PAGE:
Case-Shiller: Home Prices Way Up in March Due to Scarcity

The S&P CoreLogic Case-Shiller U.S. National Home Price NSA Index, covering all nine U.S. census divisions, reported a 6.5% annual gain for March, the same increase as the previous month. The 10-City Composite saw an increase of 8.2%, up from an 8.1% increase in the previous month. The 20-City Composite posted a slight year-over-year increase to 7.4%, up from a 7.3% increase in the previous month. 

“This month’s report boasts another all-time high,” said Brian D. Luke, head of commodities, real & digital assets at S&P Dow Jones Indices. “We’ve witnessed records repeatedly break in both stock and housing markets over the past year. Our National Index has reached new highs in six of the last 12 months. During that time, we’ve seen record stock market performance, with the S&P 500 hitting fresh all-time highs for 35 trading days in the past year.”

San Diego continued to report the highest year-over-year gain among the 20 cities this month with an 11.1% increase in March, followed by New York and Cleveland, with increases of 9.2% and 8.8%, respectively. Denver, which still holds the lowest rank after reporting three consecutive months of the smallest year-over-year growth, posted the same 2.1% annual increase in March as the previous month.

The U.S. National Index, the 20-City Composite and the 10-City Composite all continued their upward trend from last month, showing pre-seasonality adjustment increases of 1.3%, 1.6% and 1.6%, respectively.

After seasonal adjustment, the U.S. National Index posted a month-over-month increase of 0.3%, while the 20-City and the 10-City Composite both reported month-over-month increases of 0.3% and 0.5%, respectively.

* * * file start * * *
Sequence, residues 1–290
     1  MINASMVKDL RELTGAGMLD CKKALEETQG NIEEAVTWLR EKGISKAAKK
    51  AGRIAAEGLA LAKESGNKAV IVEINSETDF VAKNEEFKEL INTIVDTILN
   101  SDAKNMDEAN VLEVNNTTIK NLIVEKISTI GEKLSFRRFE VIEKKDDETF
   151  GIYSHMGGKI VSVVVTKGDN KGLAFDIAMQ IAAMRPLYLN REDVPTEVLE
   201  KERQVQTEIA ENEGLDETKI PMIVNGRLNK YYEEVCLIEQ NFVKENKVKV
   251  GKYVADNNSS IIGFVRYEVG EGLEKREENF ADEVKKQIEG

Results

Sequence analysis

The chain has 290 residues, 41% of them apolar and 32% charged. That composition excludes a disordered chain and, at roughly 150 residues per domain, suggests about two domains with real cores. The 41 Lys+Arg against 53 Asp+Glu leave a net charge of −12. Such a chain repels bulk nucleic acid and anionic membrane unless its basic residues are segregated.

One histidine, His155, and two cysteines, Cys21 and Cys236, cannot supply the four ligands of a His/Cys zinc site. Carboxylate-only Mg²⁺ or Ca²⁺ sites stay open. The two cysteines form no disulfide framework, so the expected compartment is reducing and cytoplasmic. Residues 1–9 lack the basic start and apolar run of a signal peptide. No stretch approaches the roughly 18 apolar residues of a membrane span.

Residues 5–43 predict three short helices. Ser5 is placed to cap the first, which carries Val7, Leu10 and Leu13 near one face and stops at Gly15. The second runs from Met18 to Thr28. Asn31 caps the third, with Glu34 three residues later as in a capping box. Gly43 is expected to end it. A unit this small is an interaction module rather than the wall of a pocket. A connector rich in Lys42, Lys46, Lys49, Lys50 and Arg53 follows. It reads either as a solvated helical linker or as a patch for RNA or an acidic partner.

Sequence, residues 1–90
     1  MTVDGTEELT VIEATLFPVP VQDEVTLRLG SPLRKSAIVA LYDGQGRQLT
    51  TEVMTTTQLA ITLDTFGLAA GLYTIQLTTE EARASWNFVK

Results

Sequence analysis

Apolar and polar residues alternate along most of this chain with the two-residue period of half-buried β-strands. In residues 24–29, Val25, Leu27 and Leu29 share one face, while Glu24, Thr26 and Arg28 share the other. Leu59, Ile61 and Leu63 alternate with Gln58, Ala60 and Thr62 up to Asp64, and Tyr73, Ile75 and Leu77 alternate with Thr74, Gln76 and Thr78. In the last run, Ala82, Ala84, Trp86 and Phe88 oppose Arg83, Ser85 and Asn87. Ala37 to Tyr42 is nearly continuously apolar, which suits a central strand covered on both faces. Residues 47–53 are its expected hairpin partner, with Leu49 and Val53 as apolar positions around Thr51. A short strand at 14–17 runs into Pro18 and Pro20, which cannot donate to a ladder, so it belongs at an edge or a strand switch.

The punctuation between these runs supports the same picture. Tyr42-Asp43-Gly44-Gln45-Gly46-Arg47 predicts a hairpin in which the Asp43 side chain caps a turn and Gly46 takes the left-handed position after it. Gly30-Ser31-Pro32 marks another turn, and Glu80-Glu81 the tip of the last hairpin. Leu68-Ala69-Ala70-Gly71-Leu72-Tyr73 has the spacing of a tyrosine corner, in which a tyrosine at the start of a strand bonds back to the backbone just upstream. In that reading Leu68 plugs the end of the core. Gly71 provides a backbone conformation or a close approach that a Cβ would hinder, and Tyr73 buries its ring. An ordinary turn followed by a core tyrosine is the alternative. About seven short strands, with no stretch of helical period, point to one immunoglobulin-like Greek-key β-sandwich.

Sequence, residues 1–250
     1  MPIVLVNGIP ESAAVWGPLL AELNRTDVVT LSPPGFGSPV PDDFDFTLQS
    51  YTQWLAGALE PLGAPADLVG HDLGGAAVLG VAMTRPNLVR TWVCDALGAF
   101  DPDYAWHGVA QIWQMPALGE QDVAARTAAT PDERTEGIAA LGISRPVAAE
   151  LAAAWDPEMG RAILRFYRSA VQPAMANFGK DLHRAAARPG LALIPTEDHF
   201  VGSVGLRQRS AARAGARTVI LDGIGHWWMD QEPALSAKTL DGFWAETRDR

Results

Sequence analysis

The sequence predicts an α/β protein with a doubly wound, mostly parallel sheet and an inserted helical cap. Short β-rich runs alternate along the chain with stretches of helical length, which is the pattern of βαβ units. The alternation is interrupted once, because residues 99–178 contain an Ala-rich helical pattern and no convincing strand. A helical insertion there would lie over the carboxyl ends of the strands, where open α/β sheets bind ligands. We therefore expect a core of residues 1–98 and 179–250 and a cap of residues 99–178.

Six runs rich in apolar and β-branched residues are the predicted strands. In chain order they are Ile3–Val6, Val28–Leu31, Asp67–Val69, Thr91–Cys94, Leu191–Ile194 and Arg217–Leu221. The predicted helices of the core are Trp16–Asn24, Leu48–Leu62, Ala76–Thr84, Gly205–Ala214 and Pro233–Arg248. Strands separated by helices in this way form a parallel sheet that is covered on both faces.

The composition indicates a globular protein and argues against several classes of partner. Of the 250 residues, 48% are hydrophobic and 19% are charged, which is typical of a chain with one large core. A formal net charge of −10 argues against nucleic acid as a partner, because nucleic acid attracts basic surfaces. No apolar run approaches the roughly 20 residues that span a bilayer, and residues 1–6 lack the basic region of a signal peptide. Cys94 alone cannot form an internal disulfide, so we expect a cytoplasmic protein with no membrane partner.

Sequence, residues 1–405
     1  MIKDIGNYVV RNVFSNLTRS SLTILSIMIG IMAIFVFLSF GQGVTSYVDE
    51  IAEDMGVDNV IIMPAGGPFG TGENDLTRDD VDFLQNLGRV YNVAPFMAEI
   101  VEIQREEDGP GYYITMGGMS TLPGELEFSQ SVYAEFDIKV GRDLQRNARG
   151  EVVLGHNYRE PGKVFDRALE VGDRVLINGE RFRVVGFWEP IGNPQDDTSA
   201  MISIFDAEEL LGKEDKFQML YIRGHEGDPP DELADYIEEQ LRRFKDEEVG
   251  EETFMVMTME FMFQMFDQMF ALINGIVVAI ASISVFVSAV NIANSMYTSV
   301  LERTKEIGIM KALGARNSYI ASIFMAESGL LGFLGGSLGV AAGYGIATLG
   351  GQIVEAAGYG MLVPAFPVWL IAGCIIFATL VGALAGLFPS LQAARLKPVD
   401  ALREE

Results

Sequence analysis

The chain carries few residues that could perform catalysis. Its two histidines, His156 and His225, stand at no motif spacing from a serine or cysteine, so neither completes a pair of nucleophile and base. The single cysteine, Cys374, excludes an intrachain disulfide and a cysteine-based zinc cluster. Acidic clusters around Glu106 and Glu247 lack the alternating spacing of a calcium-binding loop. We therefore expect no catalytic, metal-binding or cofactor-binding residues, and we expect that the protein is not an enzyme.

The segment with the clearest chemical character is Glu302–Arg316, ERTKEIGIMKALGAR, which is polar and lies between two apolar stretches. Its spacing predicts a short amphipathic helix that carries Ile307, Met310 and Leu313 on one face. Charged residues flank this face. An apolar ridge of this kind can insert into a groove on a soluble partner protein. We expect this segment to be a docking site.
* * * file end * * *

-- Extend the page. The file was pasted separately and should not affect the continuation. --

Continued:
“The Index indicates the fastest year-over-year change since November 2022,” commented Bright MLS Chief Economist Dr. Lisa Sturtevant. “In several metros, home prices rose even faster. The fast pace of price growth suggests that higher-income buyers are still very active in the market. 

“Typically a local policy issue, housing has become an issue in this year’s Presidential election. High home prices and mortgage rates near 7% are increasingly pricing out young and moderate-income would-be homeowners. At the same time, some existing homeowners who have a very low mortgage rate and substantial housing equity feel stuck.  

“There has been a structural imbalance between demand and supply for decades. Estimates of the housing supply shortfall in the U.S. range from 1.5 million to 5.5 million housing units. The shortfall feels even more acute now as the large millennial population is squarely in its first-time homebuying years while baby boomers are staying in their homes longer. Homebuilding activity has ramped up, but the pace of new housing starts is not enough to remedy the housing deficit. Furthermore, the location of new housing construction activity is not always where the needs are greatest. 

“More so than in other Presidential election years, voters rank housing costs as one of their top issues. President Biden has offered both demand- and supply-side policy solutions to the housing affordability challenge. Candidate Trump has not put forth a detailed housing policy proposal but has focused more generally on bringing inflation down, which would lead to lower interest rates and could then spur more new housing construction.

“Home price growth will likely slow down this summer as mortgage rates remain high, sidelining some prospective homebuyers, while at the same time inventory will be increasing. However, the fundamental gap between demand and supply will remain. Even if Federal policies to increase supply are put into place, the effect will not be immediate. The result is that we are likely to be in a low supply environment through the Presidential election and probably into the next decade.”

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